This post is specifically for WordPress users who want to learn how to troubleshoot and debug WordPress.
Sometimes your WordPress site may run into numerous problems that you can’t pinpoint what the actual cause is.
It’s possible your site might just become unnecessarily slow. Or some of its functions may just stop working, or even just start misbehaving or start displaying some errors.
When you come across such a problem, you may want to troubleshoot your site to see if the issue will be resolved.
It is vital to learn how to troubleshoot the WordPress website. Knowing this will save you, not just money, but also time.
In most cases, the issues that arise in WordPress are minor and can be resolved in a few minutes. For this reason, every WordPress user is expected to learn how to troubleshoot the WordPress framework.
WordPress Troubleshooting Steps
1. Create Backup of Entire WordPress
It is very necessary for every WordPress website to have a backup plugin that backup the site externally at a regular interval.
If you have a backup plugin installed and activated on your site, then make sure you have the latest backup. But if you don’t have a backup plugin, you may need to install it first and backup your site.
In the absence of backup plugins, or the issue with your site is preventing you from login as admin you can run a cPanel backup for your backup directory and database.
The main essence of backup is to have a copy of your site so if anything goes wrong your website can be restored to its previous position.
2. Crosscheck All Settings
The second step when troubleshooting WordPress, is to crosscheck all your site settings carefully one after the other; this includes the plugins and themes settings. Also crosscheck site URL and permalinks carefully.
It’s possible you may have altered a setting that you are not aware of, or some who have access to the admin may be ignorant of it.
3. Deactivate All Plugins Installed On Your Site
This solves the problem in most cases, WordPress errors mostly is due to conflicting plugins. After deactivating all plugins if the issue is resolved, then you have to start activating the plugins individually to know which is the cause of the problem.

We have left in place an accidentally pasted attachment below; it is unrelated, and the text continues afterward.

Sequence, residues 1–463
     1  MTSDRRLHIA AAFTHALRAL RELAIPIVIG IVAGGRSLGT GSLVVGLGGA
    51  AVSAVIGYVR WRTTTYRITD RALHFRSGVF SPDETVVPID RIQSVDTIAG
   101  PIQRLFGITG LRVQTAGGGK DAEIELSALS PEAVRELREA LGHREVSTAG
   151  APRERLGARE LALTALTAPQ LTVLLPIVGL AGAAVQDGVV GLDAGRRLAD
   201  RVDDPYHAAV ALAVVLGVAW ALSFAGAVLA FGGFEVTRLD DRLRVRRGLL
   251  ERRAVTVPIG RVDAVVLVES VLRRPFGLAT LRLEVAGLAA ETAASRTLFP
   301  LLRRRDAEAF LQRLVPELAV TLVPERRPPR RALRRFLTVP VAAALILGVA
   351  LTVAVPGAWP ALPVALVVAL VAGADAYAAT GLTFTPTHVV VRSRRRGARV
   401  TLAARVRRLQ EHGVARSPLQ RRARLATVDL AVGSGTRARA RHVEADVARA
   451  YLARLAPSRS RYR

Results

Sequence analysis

If you don’t access your admin, you can also deactivate the plugin via your cPanel.
To do this simply login into your cPanel, go to the directory where the affected WordPress is installed. Depending on your server, this is mostly found in the file manager.
After you must have found the directory, located wp-contents > plugins, you will see the list of all your plugins. You can deactivate plugins by renaming them one after the other.
4. Switch Over To WordPress Default Theme
If step 3 did not solve the problem, then, the problem may be with your theme. If you aren’t using your WordPress default theme, then you have to switch your theme to the default theme your WordPress came with. Your default theme may be Twenty Seventeen or Twenty Eighteen, Twenty Nineteen as the case may be.
5. Enable ‘WP_Debug’
If the problem persists after step 4, then you may consider enabling the WordPress debug.
WordPress included a hidden debugging feature to make it easier to determine where a problem is occurring.
The Debugging feature is meant explicitly for developers. If you are not a web developer, you may need to contact codex.wordpress.org to know what to do.
How To Debug WordPress
WordPress has made debugging so easy. It can be done by simply adding some specific lines of code within your “wp-config.php” it will activate the WordPress debugging feature.
Although debugging is not recommended to be done online. Alternatively, you may consider downloading a copy of your WordPress site and debug it on a local server. It all depends on what is more convenient for you.
To debug your WordPress website or blog, open your “wp-config.php,” The file can be found on your WordPress directory.
Once you have opened the file with your editor, make space to paste the piece of code below into it.
// Enable WP_DEBUG mode define('WP_DEBUG', true); // Enable Debug logging to the /wp-content/debug.log file define('WP_DEBUG_LOG', true); // Disable display of errors and warnings define('WP_DEBUG_DISPLAY', false); @ini_set('display_errors', 0); // Use dev versions of core JS and CSS files (only needed if you are modifying these core files) define('SCRIPT_DEBUG', true);
Breaking Down The Codes
// Enable WP_DEBUG mode define('WP_DEBUG', true);
WP_DEBUG alone will authorize WordPress to display all error messages on screen.
// Enable Debug logging to the /wp-content/debug.log file define('WP_DEBUG_LOG', true);
WP_DEBUG_LOG together with WP_DEBUG will authorize WordPress to save all recorded error information to the “debug.log” file which can be located in the “wp-content” directory.
// Disable display of errors and warnings define('WP_DEBUG_DISPLAY', false); @ini_set('display_errors', 0);
If WP_DEBUG_DISPLAY and WP_DEBUG lines are pasted, WordPress will not display the error and warning messages on web pages. By default, it is enabled.
// Use dev versions of core JS and CSS files (only needed if you are modifying these core files) define('SCRIPT_DEBUG', true);
define( 'SAVEQUERIES', true );
SAVEQUERIES will save all the database queries to an array that can be displayed to help analyze them. Array is stored in global $wpdb->queries.
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